Inside, there's a re-styled central console featuring a large storage space at the rear that can be accessed by both the front and rear passengers - and closed with a sliding shutter. Citroen also now offers its thicker, more supportive 'Advanced Comfort' front seats on plusher variants. Otherwise, things are much as before. The car's centre-dash 7-inch colour touchscreen is there to de-clutter the dashboard but goes too far by including ventilation controls and concealing them behind menus that can be awkward to instantly access when you're using the screen's other functions. As for practicality, well there's a split sliding and folding rear bench, plus 60/40 split-folding and adjustable seat backs. The boot is large by class standards at 410-litres and can be further extended up to 520-litres with the sliding rear bench option. Fold everything down and up to 1,289-litres of fresh air will be on offer.
Market and Model
Prices start at around £20,000 and there's a choice of four trim levels, 'C-Series Edition', 'Shine', 'Shine Plus' and 'Rip Curl'. Many buyers will be opting for the two 'Shine' spec levels, in which case a budget in the £21,000 to £24,000 bracket will be needed. With this revised model, the number of potential personalisation options has been increased. There are now 70 exterior combinations in total, including seven different body colours and an exterior bi-tone roof available in three colours which can be complimented by one of the four exterior colour pack options.
Inside, customers can select between five different interior ambiences comprising of special seat upholstery, a range of dashboard textures and door panel designs, and touches of colour on the central console surround, steering wheel, air vents and seat backs. Connectivity and infotainment is taken care of via a 7-inch touchscreen which groups together the key vehicle functions such as air conditioning, radio, telephone and Sat Nav. Safety-wise, there are up to 12 driving aids, including a colour Head-up Display, Speed Sign Recognition, an Active Safety Brake system, Intelligent Beam Headlights, Park Assist, a reversing camera, Lane Departure Warning and a Blind Spot Monitoring set-up.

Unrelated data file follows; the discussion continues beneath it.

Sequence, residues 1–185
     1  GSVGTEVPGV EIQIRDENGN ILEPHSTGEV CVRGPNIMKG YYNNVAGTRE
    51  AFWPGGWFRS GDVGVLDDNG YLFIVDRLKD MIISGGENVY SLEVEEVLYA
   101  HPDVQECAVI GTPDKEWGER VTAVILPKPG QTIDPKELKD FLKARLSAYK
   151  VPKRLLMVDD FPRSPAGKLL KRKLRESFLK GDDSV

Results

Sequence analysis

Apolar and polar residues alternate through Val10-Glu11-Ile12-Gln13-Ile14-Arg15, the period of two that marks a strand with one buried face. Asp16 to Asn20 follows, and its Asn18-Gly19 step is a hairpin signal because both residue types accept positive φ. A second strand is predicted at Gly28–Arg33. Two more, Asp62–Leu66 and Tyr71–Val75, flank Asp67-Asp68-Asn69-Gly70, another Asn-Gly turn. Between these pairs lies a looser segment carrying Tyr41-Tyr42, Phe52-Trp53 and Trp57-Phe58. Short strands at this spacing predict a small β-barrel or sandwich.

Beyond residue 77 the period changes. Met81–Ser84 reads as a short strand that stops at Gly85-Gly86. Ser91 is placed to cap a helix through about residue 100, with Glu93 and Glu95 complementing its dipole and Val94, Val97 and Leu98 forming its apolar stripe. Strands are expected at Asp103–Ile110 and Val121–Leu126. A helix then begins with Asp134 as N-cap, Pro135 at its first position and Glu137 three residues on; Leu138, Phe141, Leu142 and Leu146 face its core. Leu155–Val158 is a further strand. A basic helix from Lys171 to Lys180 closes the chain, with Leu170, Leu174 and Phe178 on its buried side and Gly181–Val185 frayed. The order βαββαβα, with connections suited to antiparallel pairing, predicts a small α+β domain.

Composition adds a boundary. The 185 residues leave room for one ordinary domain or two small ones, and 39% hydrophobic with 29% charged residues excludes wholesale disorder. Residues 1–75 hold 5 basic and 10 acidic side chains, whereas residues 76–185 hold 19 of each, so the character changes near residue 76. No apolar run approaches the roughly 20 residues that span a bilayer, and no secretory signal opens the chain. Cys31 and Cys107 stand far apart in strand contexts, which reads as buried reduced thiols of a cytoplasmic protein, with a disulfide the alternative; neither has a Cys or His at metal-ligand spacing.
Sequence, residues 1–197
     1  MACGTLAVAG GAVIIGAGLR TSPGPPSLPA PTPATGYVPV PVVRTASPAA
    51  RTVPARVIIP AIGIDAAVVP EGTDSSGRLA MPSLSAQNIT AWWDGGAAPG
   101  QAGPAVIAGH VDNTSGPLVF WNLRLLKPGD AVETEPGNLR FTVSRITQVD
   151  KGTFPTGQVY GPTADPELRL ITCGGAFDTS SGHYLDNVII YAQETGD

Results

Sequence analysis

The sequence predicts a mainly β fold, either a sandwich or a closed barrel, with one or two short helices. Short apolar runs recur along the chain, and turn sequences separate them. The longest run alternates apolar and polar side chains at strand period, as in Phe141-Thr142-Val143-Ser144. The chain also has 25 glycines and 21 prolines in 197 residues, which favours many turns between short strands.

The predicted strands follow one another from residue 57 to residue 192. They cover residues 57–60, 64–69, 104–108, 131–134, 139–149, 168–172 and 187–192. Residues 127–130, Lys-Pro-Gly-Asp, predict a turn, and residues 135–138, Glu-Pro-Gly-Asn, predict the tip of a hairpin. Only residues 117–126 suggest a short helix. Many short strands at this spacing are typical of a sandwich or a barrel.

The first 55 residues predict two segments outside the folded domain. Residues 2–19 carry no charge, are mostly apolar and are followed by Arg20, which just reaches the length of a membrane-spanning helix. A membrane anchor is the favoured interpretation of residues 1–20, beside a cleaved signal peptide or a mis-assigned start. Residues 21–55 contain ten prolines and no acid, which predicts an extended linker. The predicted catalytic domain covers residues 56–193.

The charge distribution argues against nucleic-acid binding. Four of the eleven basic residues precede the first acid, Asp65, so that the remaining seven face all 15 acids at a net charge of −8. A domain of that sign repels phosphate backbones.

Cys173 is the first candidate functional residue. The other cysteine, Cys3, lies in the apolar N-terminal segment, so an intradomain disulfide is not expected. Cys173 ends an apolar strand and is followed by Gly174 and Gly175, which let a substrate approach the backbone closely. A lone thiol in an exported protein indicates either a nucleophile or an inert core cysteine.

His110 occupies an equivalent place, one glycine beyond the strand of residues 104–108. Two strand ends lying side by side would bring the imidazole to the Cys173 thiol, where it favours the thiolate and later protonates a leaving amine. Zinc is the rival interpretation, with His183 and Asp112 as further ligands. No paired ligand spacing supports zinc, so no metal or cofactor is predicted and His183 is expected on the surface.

Cost of Ownership
Almost every fashionable type of technology has been thrown at this car to drive its WLTP-rated running costs down and, as you'd expect, the best returns can be achieved from the BlueHDi diesel models. The BlueHDi 110 engine delivers up to 62.7mpg on the combined cycle and up to 123g/km of CO2. Don't automatically sign on the dotted line for a diesel though, particularly if, like many supermini owners, you don't cover a huge number of annual miles. In the Pure Tech petrol range, the 110hp unit manages up to 54.4mpg on the combined cycle and up to 134g/km of CO2. The top PureTech 130 petrol variant is rated at up to 47.3mpg and up to 140g/km. All quoted figures are WLTP.
Every C3 Aircross comes with a three-year and 60,000-mile warranty and there's also Europe-wide breakdown assistance included from new for the first year you own the car. Looking at the longer term, you also have a 12-year guarantee against rust and 36 months cover for any paintwork defects, though that doesn't include stone chips and other wear and tear damage.
If the automotive market was sensible and rational, this would be a small MPV. As in many ways it is: just one with an SUV mindset. We like that combination and there's no reason why potential buyers shouldn't too. The C3 Aircross might not be especially fun to drive but few B-segment SUVs are. What matters is that it's fun to look at and fun to sit in, which ought to also make it fun to own.
When it all comes down to it, this is an appealing, distinctive and nicely equipped little SUV. Unlike most cars in this class, it's actually feels better on the road than the supermini it's based on and offers an awful lot more than the ordinary C3 in return for the reasonable premium in price being asked. It's Citroen's idea of what a small Crossover of this kind should be - and that makes it a little different from your other choices in this class. Which might mean you'll end up liking this car a lot more than you thought you were going to.
Citroen C3 Aircross review by Jonathan Crouch